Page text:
Belated Introduction to the Newest Member of my PC Family

10:54 pm PHT

For this post, I’m going to be talking about my ASUS Eee PC 701 netbook. Yes, this is a pretty late topic and totally out of date but it’s my blog and I can write whatever the hell I want, right?  :-) I won’t do a review since there are plenty of them out there (most are over a year old), but I’ll just write down my personal insights and observations from the more than eight months that I’ve been using this little baby. (I’m actually typing this entry using it.) The Eee PC has joined my PC family, together with my desktop and my laptop—I’ve definitely skewed the computer-per-capita figure in my household. Hehehe.

I bought the Eee PC way back in late June 2008. (I even plurked about it.) I’ve been meaning to buy one almost ever since this new class of mobile computer came out back in October 2007. In fact, I’ve written an ASUS Eeenvy post a year ago to explain my longing. The expense of buying yet another PC wasn’t in my initial 2008 budget so I held off buying the 701 until the middle of last year. Yes, other nice netbook models were released by that time, like the ASUS Eee PC 901 and the HP 2133 Mini-Note PC, but I’ve gotten a chance to try using the 701 and I thought that it was serviceable for my needs. Markku’s post saying that he’d actually been using his Eee for coding convinced me that the 701 really is good enough, and having thought long and hard, I didn’t think that the additional niceties in the newer models outweighed the additional cost. So I stuck with the 701 and I’ve gotten a pretty nice deal in Greenhills and bought this baby for only 15,200 pesos.

Truth be told, if I knew back then that Acer would be releasing their Aspire One model a few weeks later, I might have held off purchasing the 701. The Aspire One is practically as nice as the Eee PC 901 but came at a much cheaper 18,000+ pesos. Oh well, that’s the nature of the consumer electronics industry.  :-P

Anyway, the single biggest beef I have with the 701 is the screen resolution. 800x480 is simply not large enough to comfortably do many things, most especially viewing the majority of websites. For instance, Google Maps is simply unusable unless the browser is set to fullscreen, and before Google Reader changed their layout to have collapsible side panels last December, I had to bump down the text size a notch or so in order to see more of my feed subscriptions in the side panel. If I could have only the nice 9″ 1024x600 screen from the 901 and nothing else, I’d be pretty contented.

As for the keyboard, I find that it is definitely small but it’s not really uncomfortable and I am able to type easily with it. There two things I don’t like, however. First is that the keys seem too soft. I don’t know if it’s just my particular unit or if it’s a problem with the model but even if you have the tactile feedback of pressing keys, sometimes the keypresses don’t register at all. This is most observable with the ‘S’ key. It’s easy to demonstrate that if you press on the right half of that key, no letter S appears. You have to press at the center of the key to be sure that the keypress will be recognized. This problem often puts a crimp on my typing since I often have to backup to add the missing S’s in my text.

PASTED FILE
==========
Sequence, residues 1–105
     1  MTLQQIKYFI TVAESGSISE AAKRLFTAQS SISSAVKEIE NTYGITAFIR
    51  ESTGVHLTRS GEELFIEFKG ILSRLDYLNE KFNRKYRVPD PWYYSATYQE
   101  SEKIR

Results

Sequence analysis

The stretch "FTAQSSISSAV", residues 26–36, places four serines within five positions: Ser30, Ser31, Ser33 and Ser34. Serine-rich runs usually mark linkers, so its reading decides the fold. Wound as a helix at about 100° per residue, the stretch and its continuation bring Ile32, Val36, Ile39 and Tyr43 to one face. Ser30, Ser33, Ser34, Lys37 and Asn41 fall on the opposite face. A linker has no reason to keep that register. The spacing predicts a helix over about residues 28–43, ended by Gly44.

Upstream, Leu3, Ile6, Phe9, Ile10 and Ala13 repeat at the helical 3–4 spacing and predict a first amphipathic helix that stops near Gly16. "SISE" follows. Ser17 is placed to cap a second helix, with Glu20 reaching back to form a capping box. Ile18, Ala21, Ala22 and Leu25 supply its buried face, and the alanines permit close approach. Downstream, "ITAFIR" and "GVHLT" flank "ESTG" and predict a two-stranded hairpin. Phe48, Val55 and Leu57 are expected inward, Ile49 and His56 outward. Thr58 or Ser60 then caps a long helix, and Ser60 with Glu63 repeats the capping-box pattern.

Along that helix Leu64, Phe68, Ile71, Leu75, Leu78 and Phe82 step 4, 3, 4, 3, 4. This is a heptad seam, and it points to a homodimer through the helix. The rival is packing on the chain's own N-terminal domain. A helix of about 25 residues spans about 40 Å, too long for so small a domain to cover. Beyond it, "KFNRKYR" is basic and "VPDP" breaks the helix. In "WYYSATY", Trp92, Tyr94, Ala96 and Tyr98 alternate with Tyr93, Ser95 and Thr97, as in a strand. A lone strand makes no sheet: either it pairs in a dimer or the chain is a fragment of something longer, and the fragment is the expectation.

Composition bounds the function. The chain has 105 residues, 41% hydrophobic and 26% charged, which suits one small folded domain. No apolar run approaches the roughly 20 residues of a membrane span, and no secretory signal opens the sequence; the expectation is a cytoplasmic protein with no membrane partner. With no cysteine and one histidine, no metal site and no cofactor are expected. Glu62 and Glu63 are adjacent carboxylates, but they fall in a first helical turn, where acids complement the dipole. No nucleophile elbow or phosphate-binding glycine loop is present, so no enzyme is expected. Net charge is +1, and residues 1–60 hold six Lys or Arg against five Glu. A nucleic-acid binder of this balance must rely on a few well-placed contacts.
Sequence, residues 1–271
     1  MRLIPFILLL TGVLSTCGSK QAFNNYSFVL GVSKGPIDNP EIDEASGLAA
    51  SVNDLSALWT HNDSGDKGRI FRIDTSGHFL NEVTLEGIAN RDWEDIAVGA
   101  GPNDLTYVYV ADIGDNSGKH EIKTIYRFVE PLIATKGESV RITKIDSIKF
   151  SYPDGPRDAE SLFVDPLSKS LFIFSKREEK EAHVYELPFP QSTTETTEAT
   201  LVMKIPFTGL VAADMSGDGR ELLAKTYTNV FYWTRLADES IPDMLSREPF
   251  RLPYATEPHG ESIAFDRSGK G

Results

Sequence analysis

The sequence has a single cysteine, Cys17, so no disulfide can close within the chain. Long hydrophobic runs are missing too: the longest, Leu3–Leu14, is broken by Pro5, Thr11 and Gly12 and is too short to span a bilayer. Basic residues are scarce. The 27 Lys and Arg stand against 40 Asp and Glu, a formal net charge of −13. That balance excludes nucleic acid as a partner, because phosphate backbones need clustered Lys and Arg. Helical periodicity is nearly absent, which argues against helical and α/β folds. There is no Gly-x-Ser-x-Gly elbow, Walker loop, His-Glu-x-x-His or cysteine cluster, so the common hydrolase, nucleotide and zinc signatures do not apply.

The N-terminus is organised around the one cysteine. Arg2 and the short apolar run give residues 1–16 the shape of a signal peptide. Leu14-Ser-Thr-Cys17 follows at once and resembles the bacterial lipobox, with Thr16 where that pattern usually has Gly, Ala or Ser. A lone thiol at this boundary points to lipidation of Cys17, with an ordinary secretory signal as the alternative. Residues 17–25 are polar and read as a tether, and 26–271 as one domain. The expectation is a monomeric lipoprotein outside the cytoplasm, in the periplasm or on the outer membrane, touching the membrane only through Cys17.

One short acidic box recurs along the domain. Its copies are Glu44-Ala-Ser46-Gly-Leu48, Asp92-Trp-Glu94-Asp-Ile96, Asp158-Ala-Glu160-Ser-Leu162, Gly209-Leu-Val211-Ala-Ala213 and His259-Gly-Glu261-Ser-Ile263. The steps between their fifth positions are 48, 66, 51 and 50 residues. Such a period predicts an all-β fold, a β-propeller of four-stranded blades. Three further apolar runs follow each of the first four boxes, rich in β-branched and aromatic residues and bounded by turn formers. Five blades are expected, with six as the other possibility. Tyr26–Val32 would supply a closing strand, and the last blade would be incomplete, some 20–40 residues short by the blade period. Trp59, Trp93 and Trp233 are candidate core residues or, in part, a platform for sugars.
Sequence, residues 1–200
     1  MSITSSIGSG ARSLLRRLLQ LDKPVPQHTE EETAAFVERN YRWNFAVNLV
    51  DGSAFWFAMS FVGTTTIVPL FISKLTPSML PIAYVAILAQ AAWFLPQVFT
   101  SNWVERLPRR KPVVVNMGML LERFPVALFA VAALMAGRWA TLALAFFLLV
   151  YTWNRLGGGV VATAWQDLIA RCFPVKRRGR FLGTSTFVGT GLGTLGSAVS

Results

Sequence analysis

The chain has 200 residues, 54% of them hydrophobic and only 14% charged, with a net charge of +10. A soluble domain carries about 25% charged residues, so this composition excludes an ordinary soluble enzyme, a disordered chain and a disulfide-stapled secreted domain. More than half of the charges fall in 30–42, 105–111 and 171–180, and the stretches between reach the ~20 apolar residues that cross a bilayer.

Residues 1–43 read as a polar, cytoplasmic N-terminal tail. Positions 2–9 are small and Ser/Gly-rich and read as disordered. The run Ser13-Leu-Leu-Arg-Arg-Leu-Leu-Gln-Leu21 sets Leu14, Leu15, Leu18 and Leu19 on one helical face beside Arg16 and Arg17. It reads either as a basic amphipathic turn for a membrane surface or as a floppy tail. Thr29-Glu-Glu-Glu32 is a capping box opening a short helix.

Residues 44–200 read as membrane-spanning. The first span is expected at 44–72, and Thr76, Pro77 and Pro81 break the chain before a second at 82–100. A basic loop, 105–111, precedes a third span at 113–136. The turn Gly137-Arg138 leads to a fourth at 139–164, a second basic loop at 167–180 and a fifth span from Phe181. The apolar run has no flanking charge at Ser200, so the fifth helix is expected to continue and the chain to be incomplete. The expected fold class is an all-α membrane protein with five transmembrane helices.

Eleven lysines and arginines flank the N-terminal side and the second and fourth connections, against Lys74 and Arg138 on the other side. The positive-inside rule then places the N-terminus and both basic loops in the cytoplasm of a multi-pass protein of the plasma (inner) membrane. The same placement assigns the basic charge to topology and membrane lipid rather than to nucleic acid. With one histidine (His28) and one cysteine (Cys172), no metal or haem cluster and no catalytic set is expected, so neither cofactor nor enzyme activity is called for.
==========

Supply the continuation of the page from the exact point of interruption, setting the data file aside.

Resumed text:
The second thing I don’t like about the keyboard is its layout. Yes, the small footprint of the device means that you don’t have much room, but they didn’t have to shift the whole numeric row half a key to the left! I sometimes find myself typing ‘2’ when I meant to type ‘1’ since the ‘2’ key has encroached on the space where I usually hit the ‘1’ key. Another thing that threw me off was the lack of dedicated Home, Page Up, Page Down, and End keys.

I also have no great love for the Wi-Fi management features of this netbook. It’s extremely quirky and I’d try to explain it but I think it would require another post just to discuss it. But, I kinda like how I can see the log messages as the Eee PC attempts to connect to a Wi-Fi hotspot; it helps in debugging stuff and I wish Windows had the same kind of visibility.

I’m using the stock ASUS-customized Xandros Linux OS and had never bothered installing a different one like Ubuntu. Aside from the absence of the GIMP (and it’s not in the standard ASUS repositories, so I haven’t been able to install it at all), I don’t sorely miss any Linux application that’s not on this machine especially given my particular needs. I haven’t even upgraded the browser to Firefox 3!

Two power-saving tricks that I’m using to maximize my Eee’s battery charge is to turn off the Wi-Fi receiver whenever it’s not needed and to turn down the screen’s brightness. I usually set the brightness level to the third darkest level, which I find bright enough in most ambient light situations. And I’m using the CTRL-T combination to bring up a terminal shell to quickly launch applications; I find clicking the user-friendly menus too cumbersome.  :-P

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